What an ass.
     
  12. deanws

    deanws Former Member

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    Yes...she really was!:mad:
     
  13. TGIRecovered

    TGIRecovered Active Member

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    I think it is a great idea.
    I remember when I was in junior high and high school. I was always worried about what boys thought of me. It was very intimidating, but it was a small problem compared to what it was like trying to pay attention in class with boys acting up all of the time.

    I have two girls still in school, 5th and 8th grade. I volunteer in thier library and extra-cirricular activities and recently began substitute teaching. The biggest problem I have in the classroom is trying to get the boys to behave. They don't seem to mind being in trouble, or even being sent to the office. I can't imagine putting up with a child of my own being disruptive in class or disrespectful, but these boys don't seem care if they have to bring home a bad conduct report. I really have to wonder if their parents are so used to it that signing another one is no big deal.
    There are many students who truly do want to pay attention and do their work, but the few who don't are so disruptive that it impares everyone's abilityto learn, and they are almost always boys.
    I am very sure that seperating the boys and girls would be beneficial if doing so makes it easier to address their individual dicipline needs,( IMO disruptivness for boys...emotional crulety for girls).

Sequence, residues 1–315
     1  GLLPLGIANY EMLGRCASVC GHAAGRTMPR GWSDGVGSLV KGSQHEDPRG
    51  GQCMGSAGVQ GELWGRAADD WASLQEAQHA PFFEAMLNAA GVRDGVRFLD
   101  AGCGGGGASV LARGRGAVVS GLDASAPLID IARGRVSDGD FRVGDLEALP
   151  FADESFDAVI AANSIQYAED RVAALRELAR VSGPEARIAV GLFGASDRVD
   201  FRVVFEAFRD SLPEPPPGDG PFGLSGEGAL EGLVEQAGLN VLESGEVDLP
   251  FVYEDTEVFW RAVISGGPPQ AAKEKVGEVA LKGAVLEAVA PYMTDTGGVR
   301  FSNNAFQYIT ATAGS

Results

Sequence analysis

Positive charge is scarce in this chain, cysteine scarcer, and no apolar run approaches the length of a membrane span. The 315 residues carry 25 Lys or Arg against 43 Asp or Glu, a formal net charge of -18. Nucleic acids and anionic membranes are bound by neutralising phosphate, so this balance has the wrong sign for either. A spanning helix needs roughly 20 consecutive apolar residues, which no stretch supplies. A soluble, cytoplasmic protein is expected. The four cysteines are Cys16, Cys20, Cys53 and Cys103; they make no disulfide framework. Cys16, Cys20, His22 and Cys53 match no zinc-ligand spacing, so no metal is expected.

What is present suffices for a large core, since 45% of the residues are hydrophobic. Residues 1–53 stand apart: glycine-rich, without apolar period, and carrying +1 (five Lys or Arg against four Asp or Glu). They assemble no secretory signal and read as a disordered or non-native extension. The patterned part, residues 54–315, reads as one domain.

There are plenty of opportunities outside of school study time for the two to socialize...church, athletic events etc.
    Imo, the only thing better for my kids would be vouchers which I could use for a school centered around Christian values. I would happily make good use of that opportunity to raise my kids among others with positive moral values!

    Susan
     
  14. MCDRAW

    MCDRAW New Member

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    A school in our area tried this...they didn't see any difference. They eventually went back to mixed classes.
     
  15. T-Rex

    T-Rex New Member

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    I think kids who grow up socializing with both sexes will do better in the workplace.
     
  16. deanws

    deanws Former Member

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    I hadn't thought of that. Hummm...I bet you are correct.

    :confused:
     
  17. Amraann